Steven Tyler’s Book ‘Does the Noise in My Head Bother You’ Quiz

Can you tell the difference between the Aerosmith front man’s outrageous new book Does the Noise in My Head Bother You?: A Rock 'n' Roll Memoir and the Pulitzer prize-winning novel Arrowsmith ? Take The Daily Beast quiz.

Sinclair Lewis & Steven Tyler. (Photo: Alfred Eisenstaedt, Time & Life Pictures / Getty Images; Brad Barket / Getty Images)

Can you tell the difference between the Aerosmith front man’s outrageous new book Does the Noise in My Head Bother You?: A Rock 'n' Roll Memoir and the Pulitzer prize-winning novel Arrowsmith? Take The Daily Beast quiz.

1. a.“Come into town with me and hear a concert.” b. “The concerts were getting more rowdy and outrageous.”

2. a. “I’ll be good, oh I’ll be good, but—I’d like to kiss her once, good!” b. “I’m just looking for a kiss.”

3. a.“It was the worst drinking bout I ever had. You could smell the liquor on my breath and I was ashamed to go to class.” b. “If you can’t handle your liquor better than that, you’d better cut it out entirely.”

4. a.“If you only knew the wickedness of the natives, and the way they lie and sing indecent songs and commit all manner of vileness!” b. “Oh, my god, what is that? He’s up there singing and he climbed up on air, on his vocal chords.”

5. a. “Martin went home engaged to two girls at once.” b. “So many nights I went to sleep dreaming that two gorgeous, nasty twins were going to knock on my door, cover me in rose petals, and perform an after-midnight rectal examination.”

6. a. “Upon returning to the hotel, I recited my nightly prayer.” b. "It's too hot to walk. Perhaps we'd better go back to the hotel."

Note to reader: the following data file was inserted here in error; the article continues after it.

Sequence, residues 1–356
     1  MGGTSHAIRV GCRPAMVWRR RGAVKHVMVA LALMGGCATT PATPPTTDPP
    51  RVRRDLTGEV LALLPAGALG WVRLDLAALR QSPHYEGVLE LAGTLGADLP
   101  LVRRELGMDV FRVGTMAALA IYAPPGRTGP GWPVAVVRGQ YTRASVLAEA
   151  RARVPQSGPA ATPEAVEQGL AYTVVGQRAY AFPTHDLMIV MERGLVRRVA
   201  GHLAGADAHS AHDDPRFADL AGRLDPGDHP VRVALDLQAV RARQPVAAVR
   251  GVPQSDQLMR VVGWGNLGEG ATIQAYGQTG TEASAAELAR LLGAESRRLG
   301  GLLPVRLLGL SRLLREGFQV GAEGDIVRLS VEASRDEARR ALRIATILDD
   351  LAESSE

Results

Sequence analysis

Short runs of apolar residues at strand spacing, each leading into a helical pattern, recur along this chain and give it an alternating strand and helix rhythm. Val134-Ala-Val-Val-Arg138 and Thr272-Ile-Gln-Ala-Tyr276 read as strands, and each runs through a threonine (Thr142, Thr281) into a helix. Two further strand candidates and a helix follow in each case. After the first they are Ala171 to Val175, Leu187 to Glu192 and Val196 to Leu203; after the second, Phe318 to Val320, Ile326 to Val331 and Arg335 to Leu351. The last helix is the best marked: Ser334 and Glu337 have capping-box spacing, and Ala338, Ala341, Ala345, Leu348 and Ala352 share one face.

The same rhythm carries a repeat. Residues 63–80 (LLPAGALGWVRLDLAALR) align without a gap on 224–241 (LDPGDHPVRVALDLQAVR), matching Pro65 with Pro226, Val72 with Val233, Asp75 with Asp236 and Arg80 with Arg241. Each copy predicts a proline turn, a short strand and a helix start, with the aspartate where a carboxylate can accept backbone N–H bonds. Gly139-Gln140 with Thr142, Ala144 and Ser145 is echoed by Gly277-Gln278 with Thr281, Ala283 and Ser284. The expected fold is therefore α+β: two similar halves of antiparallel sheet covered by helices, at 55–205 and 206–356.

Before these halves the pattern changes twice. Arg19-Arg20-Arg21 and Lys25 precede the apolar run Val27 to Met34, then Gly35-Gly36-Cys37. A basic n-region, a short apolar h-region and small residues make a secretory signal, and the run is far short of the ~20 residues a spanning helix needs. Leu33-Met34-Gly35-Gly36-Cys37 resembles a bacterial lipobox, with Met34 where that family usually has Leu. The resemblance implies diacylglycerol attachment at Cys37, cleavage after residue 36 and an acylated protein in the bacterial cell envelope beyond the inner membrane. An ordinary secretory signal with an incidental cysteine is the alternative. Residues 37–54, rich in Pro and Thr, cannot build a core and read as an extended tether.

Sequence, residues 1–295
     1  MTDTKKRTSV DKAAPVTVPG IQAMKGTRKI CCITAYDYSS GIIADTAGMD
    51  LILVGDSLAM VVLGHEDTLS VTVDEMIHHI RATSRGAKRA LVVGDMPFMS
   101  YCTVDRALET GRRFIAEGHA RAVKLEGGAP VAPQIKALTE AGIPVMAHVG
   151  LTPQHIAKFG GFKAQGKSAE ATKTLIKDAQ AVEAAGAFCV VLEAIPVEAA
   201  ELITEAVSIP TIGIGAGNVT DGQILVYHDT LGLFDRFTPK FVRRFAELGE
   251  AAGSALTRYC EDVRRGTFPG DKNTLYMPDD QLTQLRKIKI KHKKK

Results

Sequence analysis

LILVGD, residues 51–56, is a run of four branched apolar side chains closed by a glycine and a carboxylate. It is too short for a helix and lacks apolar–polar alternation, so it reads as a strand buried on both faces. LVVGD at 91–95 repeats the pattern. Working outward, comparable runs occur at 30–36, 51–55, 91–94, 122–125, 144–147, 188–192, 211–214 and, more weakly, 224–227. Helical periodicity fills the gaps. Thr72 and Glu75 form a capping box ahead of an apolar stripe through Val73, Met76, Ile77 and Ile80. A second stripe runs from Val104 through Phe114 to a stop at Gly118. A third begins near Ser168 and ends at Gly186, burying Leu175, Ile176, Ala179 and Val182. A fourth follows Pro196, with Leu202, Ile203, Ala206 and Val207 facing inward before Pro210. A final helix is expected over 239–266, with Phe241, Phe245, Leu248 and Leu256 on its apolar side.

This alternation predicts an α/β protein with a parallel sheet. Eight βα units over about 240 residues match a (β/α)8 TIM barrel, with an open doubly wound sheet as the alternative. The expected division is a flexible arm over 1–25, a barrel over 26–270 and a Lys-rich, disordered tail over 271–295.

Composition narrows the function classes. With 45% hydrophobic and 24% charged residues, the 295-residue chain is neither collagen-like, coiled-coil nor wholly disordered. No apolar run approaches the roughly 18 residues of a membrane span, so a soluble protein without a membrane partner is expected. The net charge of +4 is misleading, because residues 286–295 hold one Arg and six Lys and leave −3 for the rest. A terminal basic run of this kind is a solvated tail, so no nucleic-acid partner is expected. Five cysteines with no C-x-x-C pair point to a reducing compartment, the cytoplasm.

7. a. “From him a future physician could learn that most important of all things: the proper drugs to give a patient, particularly when you cannot discover what is the matter with him.” b. “His talks were so interesting because he would expostulate about his theories. He had some curious poses and stances, which he delivered as psychopharmacological dogma.”

8. a. “Well, of course, we have any kind of costume you want,” chimes Ms. Fields. “Just tell me. We’re here to please.” b. “Her sulky blue uniform was gone; she was childishly slim and light in a princess frock that was a straight line from high collar and soft young breast to her feet.”

9. a. “Everyone in the group was familiar with New York—they stayed at the St. Regis or the Plaza and went about buying clothes and discovering small smart restaurants.” b. “Elysa’s mantra was always, ‘Let’s go shopping!’ So Joe, Elysa, and Henry Smith went out to see what was out there and ended up in an antiques store.”

10. a. “The normal man, he does not care much what he does except that he should eat and sleep and make love.” b. “We came to fly our freak flags. I called it Veni, vidi, vici, veni redux. Latin for: We came, we saw, we conquered—and we came again.”


Get The Beast In Your Inbox!

Daily Digest

Start and finish your day with the top stories from The Daily Beast.

Cheat Sheet

A speedy, smart summary of all the news you need to know (and nothing you don't).

By clicking “Subscribe,” you agree to have read the Terms of Use and Privacy Policy
Thank You!
You are now subscribed to the Daily Digest and Cheat Sheet. We will not share your email with anyone for any reason.


1) a. Lewis b. Tyler 2) a. Lewis b. Tyler 3) a. Tyler b. Lewis 4) a. Lewis b. Tyler 5) a. Lewis b. Tyler 6) a. Tyler b. Lewis 7) a. Lewis b. Tyler 8) a. Tyler b. Lewis 9) a. Lewis b. Tyler 10) a. Lewis b. Tyler


10/10: Wow, you really don’t want to miss a thing. 8 or 9: Joe Perry would be impressed. 6 or 7: A little pitchy, but you worked it out. 4 or 5: Walk this way—to a library. 3 and under: You’d make an excellent groupie.

Michael Solomon is the former features director of The Daily Beast. His writing has appeared in Vanity Fair, Esquire, Elle, and O, and he has published several books, including the Malcolm Gladwell parody Blank: The Power of Not Actually Thinking at All.